Using Photographic Picture Books to Better Understand Young Children’s Ideas of Belonging: A Study of Early Literacy Strategies and Social Inclusion
AbstractThis study examined the ways young children (3 years 11 months to 7 years 9 months) talk about and demonstrate their understanding of social inclusion through the use of self-produced family photograph books. One hundred eighty-seven children from the Greater Toronto Area participated in the study by first sharing their personal photograph books with a small group of peers and then exploring books produced by children unknown to them. A mixed methods approach was used where children’s understanding of vocabulary was documented and small focus group discussions were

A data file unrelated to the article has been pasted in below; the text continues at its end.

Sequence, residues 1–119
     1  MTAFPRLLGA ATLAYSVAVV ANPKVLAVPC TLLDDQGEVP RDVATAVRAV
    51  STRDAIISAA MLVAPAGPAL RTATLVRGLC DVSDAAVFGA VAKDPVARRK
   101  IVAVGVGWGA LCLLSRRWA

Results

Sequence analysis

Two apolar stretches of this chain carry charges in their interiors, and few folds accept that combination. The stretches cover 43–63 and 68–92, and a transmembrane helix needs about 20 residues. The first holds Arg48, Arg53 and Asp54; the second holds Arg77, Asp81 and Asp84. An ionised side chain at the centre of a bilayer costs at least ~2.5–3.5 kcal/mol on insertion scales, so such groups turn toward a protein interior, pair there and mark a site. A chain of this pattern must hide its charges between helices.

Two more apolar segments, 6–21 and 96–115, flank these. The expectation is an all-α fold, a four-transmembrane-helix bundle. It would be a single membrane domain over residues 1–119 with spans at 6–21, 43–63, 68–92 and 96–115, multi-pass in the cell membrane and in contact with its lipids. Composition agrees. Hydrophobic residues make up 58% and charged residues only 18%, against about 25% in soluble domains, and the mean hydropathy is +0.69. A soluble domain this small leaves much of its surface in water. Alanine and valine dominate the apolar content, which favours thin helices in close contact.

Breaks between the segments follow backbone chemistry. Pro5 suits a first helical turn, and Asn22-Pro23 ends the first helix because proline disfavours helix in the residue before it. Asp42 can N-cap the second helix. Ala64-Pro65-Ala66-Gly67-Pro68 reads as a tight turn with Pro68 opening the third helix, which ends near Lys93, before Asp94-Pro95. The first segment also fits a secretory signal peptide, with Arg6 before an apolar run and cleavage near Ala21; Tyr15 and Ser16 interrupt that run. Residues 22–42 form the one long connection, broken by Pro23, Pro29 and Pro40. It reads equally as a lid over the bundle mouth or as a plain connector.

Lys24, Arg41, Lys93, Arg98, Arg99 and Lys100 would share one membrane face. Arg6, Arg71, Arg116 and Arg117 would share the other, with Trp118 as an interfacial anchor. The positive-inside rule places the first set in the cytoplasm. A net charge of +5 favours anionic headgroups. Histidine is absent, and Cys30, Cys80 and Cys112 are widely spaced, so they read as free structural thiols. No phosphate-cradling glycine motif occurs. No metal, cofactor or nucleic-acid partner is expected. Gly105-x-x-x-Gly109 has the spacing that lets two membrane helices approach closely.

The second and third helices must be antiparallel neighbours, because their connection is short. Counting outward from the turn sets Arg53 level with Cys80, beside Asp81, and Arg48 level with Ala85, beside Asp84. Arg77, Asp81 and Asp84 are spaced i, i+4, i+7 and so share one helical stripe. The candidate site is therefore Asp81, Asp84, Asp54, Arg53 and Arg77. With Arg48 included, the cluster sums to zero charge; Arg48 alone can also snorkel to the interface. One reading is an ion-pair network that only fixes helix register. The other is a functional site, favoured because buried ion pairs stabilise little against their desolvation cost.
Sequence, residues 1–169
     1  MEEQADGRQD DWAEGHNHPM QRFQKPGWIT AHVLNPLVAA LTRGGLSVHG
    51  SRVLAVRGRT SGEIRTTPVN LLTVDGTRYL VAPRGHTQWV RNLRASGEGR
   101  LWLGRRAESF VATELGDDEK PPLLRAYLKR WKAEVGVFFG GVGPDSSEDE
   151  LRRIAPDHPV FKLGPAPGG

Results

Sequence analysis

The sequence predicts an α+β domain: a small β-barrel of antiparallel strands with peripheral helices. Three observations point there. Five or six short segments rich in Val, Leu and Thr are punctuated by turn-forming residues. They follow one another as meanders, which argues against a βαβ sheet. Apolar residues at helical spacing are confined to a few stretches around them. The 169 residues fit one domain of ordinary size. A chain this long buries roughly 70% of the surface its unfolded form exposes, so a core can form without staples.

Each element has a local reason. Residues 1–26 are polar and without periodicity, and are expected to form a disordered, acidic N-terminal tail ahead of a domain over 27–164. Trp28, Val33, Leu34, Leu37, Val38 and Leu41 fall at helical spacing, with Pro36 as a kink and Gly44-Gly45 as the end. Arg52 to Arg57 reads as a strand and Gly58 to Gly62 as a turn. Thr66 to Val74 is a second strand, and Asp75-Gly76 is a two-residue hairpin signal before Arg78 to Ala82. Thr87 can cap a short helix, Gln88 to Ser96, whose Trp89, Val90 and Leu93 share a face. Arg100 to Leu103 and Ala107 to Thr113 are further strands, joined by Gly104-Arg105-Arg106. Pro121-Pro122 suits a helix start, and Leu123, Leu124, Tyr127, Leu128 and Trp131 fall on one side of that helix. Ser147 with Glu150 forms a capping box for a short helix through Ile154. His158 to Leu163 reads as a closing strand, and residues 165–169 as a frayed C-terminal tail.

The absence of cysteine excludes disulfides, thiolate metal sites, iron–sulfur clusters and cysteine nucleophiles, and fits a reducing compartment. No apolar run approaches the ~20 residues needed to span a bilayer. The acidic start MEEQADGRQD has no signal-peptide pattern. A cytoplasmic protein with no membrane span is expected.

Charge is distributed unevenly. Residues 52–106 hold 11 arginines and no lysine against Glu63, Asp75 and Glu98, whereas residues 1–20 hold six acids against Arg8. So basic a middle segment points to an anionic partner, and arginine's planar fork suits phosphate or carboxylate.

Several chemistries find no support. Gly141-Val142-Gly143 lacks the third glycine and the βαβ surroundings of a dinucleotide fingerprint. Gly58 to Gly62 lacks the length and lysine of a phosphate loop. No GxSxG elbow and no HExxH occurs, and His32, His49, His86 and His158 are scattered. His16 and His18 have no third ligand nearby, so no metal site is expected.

transcribed and analyzed. This article focuses on the study’s qualitative findings that children spoke about and conveyed their understanding of concepts surrounding social inclusion (inclusion, diversity, respect, acceptance, understanding) based on (1) their learning of the social inclusion vocabulary, (2) their personal
experience with social inclusion, and (3) their talk of social inclusion
in relation to social identity. These themes and their implications for early childhood education are discussed.
Copyright (c) 2013 Yiola Cleovoulou, Heather McCollam, Erica Ellis, Lauren Commeford, Isabelle Moore, Annie Chern, Janette Pelletier
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